Friday, 14 July 2017 13:55

Biofilms differ in susceptibility to antibiotics

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Published in mBiosphere

A new Antimicrobial Agents and Chemotherapy report shows that species composition of a biofilm influences its susceptibility to antibiotics. The work has important implications for treatment of cystic fibrosis patients, whose lungs are often colonized with mixed biofilms, the compositions of which shift as patients age. 

AACJournal: Community composition determines activity of antibiotics against multispecies biofilms

The study, from first author Sarah Tavernier and lead scientist Tom Coenye, focused on three bacterial species: Pseudomonas aeruginosa, Streptococcus aureus, and Streptococcus anginosus. All three species are often isolated from CF lungs, but S. aureus is commonly the dominant species during childhood, while P. aeruginosa dominates during adulthood. The scientific team tested the ability of the three species to form biofilms and the susceptibility of these biofilms to antibiotic treatment.

When exposed to a number of different antibiotics, more S. aureus cells died in multispecies biofilms than in biofilms of S. aureus cells alone, while P. aeruginosa was equally drug susceptible in a mono- or multispecies biofilm. When treated with drugs targeting the cell wall, such as vancomycin, fewer S. anginosus cells were killed in a multispecies biofilm than in a monospecies biofilm.  

The researchers tested how these species interact by looking at the spent supernatant from monospecies biofilms, which contains bacterial waste products and signaling molecules that may influence bacterial behavior. S. anginosus was protected from antibiotic killing when grown in the supernatant from S. aureus biofilms, but not in supernatant from P. aeruginosa biofilms, suggesting that a secreted S. aureus factor protects S. anginosus during mixed-biofilm growth. This protection was also observed with spent medium from S. aureus planktonic culture.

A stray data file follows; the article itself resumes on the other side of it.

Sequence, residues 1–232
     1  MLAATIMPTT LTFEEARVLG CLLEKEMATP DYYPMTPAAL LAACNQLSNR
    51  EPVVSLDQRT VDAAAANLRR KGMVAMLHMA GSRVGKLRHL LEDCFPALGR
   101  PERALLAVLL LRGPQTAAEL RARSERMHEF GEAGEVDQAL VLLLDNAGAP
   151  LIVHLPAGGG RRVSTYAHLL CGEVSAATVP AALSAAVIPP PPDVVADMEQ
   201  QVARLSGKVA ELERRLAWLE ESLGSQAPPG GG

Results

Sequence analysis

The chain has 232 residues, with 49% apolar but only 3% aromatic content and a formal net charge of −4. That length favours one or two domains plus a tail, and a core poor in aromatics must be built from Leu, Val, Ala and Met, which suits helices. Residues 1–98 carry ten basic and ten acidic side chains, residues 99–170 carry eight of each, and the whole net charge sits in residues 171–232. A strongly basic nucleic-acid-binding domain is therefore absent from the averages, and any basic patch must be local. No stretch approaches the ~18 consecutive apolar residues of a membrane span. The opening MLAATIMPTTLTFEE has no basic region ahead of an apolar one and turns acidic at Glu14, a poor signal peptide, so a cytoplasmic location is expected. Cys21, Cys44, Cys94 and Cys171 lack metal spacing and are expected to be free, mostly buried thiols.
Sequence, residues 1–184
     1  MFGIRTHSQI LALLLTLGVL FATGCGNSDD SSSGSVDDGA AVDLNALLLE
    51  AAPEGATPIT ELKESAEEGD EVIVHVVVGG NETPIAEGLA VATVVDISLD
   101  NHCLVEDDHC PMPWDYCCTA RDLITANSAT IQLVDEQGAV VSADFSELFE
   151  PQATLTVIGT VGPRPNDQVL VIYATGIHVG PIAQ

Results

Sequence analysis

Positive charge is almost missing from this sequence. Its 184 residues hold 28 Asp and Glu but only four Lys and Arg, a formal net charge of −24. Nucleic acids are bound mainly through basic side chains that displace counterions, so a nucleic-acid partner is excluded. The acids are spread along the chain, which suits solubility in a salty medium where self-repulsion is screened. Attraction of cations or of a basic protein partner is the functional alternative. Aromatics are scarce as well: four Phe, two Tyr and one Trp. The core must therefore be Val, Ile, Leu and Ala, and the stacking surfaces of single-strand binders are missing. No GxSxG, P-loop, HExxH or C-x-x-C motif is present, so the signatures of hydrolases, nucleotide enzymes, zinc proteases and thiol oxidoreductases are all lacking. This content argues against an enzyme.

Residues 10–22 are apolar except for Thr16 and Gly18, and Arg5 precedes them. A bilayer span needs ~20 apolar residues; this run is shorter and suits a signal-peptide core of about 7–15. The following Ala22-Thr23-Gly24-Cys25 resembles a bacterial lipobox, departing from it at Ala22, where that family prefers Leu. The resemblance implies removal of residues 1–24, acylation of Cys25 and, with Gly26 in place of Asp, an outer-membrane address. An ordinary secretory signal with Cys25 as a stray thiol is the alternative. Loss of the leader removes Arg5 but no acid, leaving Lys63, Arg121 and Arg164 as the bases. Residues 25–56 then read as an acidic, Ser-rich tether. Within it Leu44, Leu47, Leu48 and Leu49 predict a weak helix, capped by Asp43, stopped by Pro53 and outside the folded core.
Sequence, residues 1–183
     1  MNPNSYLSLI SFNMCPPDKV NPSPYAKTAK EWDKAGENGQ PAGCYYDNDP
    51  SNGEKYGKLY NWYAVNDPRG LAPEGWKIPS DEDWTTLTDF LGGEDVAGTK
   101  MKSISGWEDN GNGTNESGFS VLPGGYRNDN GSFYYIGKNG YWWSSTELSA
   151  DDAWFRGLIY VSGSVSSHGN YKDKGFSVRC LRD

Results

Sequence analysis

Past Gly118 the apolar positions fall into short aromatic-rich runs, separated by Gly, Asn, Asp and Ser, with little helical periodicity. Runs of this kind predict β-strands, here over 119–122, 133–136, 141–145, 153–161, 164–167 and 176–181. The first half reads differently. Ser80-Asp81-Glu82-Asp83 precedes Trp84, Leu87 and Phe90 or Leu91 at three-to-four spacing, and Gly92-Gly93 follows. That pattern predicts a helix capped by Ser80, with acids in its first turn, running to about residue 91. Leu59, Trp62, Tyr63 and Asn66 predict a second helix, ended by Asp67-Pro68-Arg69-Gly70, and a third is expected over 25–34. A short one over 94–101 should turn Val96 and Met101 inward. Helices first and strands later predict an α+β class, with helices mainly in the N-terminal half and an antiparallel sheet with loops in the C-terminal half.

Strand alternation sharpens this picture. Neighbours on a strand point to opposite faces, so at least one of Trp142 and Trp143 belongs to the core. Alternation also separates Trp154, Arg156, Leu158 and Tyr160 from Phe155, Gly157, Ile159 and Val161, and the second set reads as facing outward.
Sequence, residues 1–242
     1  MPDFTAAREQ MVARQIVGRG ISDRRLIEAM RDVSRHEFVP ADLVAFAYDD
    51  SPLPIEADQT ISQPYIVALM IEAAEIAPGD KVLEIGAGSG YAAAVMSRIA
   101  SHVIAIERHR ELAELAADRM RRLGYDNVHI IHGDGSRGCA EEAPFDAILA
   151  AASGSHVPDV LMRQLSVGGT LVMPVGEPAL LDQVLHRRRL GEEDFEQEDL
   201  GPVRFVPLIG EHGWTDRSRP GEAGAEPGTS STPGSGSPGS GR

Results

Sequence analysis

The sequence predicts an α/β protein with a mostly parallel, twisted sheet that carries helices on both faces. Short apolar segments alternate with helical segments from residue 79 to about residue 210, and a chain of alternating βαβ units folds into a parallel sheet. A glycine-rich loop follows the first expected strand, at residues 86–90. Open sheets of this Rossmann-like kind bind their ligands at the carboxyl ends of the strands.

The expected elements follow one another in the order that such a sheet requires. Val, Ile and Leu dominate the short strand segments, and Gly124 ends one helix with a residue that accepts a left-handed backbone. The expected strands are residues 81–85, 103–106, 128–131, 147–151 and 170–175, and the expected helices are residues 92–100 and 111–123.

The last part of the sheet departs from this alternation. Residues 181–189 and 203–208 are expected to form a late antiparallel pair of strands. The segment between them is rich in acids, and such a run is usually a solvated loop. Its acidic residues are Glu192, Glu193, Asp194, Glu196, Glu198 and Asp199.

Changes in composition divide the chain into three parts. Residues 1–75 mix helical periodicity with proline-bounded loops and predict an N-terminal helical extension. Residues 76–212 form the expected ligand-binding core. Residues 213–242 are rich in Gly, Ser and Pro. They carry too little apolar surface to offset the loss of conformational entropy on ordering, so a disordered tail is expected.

This research suggests that targeting either P. aeruginosa or S. aureus may not efficiently target S. anginosus in CF patients, and this may help explain why S. anginosus can be linked to acute pulmonary exacerbations in some CF patients. This increased understanding may lead to more effective treatments against all biofilm community members and improvements for CF patient outcome. 

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Last modified on Friday, 14 July 2017 14:05
Julie Wolf

Julie Wolf is the ASM Science Communications Specialist. She contributes to the ASM social media and blog network and hosts the Meet the Microbiologist podcast. She also runs workshops at ASM conferences to help scientists improve their own communication skills. Follow Julie on Twitter for more ASM and microbiology highlights at @JulieMarieWolf.

Julie earned her Ph.D. from the University of Minnesota, focusing on medical mycology and infectious disease. Outside of her work at ASM, she maintains a strong commitment to scientific education and teaches molecular biology at the community biolab, Genspace. She lives in beautiful New York City.